Ready for Anything: The Flexibility of CaaS

In the previous article, we learned how CaaS supports a content-first approach to digital publishing. Many traditional CMSs highlight that they are “customizable.” If you don’t like what’s been pre-defined, you can customize it. If you change your mind later, you are supposed to be able to customize what’s been set up. But what’s left unsaid is that such customization often involves a lot of work. Customization can be hard to implement, and even harder to change later on.

Michael AndrewsPublished on Nov 14, 2019

CaaS, in contrast, is flexible by design. You choose how you want CaaS to support your content operations, such as what capabilities and features will be available. There are no pre-defined choices you have to work around. Unlike a traditional CMS, CaaS is not a monolithic software application with a fixed set of features. Instead, CaaS can deliver a constantly evolving and configurable layer of services supporting content.

The services that CaaS delivers can change as your needs do. CaaS doesn’t rely on fixed, pre-defined page setups that are difficult to change. The structure of content is not tied up in the structure of the presentation layer, unlike with many traditional CMSs.

With CaaS, content teams have the freedom to focus on their immediate priorities and know they can grow their operations and make changes later on—without worrying that such changes will be difficult to implement. Unlike a traditional CMS, where most configuration and design decisions need to be made up front when the system is first implemented, with CaaS content teams can revise decisions and make improvements at any time.

Seven Ways CaaS Can Support Growth over Time

Content as a Service connects your content to all the activities that support your content operations. Content teams are constantly looking for ways to improve how they work with content. They need services that support their current needs and that can evolve as their needs change. CaaS transforms how content teams can work with content. It gives them the ability to improve their operations continually.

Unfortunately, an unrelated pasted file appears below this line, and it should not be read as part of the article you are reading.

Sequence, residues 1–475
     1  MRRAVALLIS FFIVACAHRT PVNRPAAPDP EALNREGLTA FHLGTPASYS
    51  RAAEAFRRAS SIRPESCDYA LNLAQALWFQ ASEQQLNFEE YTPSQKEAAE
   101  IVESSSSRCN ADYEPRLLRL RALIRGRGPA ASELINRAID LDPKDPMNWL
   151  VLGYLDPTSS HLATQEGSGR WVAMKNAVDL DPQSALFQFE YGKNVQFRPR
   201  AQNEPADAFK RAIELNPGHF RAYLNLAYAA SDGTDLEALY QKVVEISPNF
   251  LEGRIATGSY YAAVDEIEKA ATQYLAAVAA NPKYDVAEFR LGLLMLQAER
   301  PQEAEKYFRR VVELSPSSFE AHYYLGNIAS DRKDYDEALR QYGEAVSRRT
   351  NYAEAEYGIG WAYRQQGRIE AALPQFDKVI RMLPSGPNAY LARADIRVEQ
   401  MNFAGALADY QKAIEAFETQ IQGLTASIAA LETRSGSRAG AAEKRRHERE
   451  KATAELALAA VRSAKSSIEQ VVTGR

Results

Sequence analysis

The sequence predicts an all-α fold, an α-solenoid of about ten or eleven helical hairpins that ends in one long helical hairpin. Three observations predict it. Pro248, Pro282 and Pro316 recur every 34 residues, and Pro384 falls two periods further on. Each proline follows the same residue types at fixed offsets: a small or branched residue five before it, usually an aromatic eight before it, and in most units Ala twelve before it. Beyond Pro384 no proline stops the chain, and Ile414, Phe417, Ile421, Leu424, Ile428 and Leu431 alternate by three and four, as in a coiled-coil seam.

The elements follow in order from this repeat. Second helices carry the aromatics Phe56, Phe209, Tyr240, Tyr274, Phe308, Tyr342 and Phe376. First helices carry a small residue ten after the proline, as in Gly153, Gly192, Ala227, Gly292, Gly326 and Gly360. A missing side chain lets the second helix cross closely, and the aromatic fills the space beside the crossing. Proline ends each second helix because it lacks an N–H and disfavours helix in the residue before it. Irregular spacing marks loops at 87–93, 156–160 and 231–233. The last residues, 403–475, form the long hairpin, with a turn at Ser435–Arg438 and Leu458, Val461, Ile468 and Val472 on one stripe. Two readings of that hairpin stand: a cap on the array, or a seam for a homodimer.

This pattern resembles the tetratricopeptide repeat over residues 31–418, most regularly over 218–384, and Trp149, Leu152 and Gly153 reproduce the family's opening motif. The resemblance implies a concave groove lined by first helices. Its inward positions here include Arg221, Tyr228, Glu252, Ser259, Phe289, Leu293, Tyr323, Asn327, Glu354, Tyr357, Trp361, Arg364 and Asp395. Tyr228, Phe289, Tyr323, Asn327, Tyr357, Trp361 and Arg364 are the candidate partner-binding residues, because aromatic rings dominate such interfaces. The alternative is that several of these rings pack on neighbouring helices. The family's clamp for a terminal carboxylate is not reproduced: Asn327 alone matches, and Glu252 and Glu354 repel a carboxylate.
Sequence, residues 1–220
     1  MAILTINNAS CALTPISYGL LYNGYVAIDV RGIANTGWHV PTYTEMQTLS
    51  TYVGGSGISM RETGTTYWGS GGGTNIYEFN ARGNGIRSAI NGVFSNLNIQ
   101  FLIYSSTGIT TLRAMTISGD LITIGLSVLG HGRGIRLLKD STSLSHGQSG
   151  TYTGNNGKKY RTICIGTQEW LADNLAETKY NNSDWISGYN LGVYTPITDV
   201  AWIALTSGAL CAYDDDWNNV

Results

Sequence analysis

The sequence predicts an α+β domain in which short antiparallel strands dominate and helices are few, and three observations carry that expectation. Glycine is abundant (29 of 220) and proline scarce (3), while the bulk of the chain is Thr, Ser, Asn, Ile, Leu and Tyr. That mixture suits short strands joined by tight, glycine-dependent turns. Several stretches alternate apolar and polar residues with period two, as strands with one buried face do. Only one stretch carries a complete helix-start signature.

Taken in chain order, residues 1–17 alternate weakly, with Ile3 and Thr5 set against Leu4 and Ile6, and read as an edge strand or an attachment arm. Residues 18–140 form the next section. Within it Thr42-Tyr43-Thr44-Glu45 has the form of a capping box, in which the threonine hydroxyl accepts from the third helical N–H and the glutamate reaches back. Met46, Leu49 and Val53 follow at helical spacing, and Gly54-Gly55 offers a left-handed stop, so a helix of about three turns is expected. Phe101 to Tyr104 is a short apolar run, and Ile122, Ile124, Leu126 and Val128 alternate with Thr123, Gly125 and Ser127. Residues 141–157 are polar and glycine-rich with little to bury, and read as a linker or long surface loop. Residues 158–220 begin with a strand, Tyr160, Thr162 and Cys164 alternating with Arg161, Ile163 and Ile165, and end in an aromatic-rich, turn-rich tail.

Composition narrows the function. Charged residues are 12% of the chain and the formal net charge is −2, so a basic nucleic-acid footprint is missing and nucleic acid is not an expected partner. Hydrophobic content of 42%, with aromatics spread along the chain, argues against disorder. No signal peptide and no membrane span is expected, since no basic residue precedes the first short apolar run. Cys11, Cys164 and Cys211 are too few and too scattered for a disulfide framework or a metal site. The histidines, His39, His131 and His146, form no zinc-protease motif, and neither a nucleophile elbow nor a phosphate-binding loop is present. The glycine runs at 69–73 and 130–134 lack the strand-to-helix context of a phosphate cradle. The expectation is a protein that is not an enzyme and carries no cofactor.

1. Change your content later

Unlike a traditional CMS, content in CaaS isn’t loosely defined by page templates, which are difficult to revise and repurpose. With CaaS, content is structured and can be revised easily. CaaS lets publishers add and change content with precision. Existing content can also be combined in new ways to create new content items.

With CaaS, content becomes structured when it’s created. Content relationships are managed by a content model. Content elements are building blocks that can be assembled into different offerings, depending on what’s required. 

2. Change your design later

CaaS makes website redesign pain-free. A website can sport a new look, without needing to change the underlying content. If you have a mobile app that needs a refresh, no problem. CaaS connects content to any front-end framework, so enterprises know they can always deliver the sleekest, fastest experience for customers, and always keep up with changing trends in front-end design. (For an example of how CaaS works with modern front-end frameworks such as Gatsby, read this post by Ilesh Mistry on how MMT is looking at Gatsby and to preview designs.)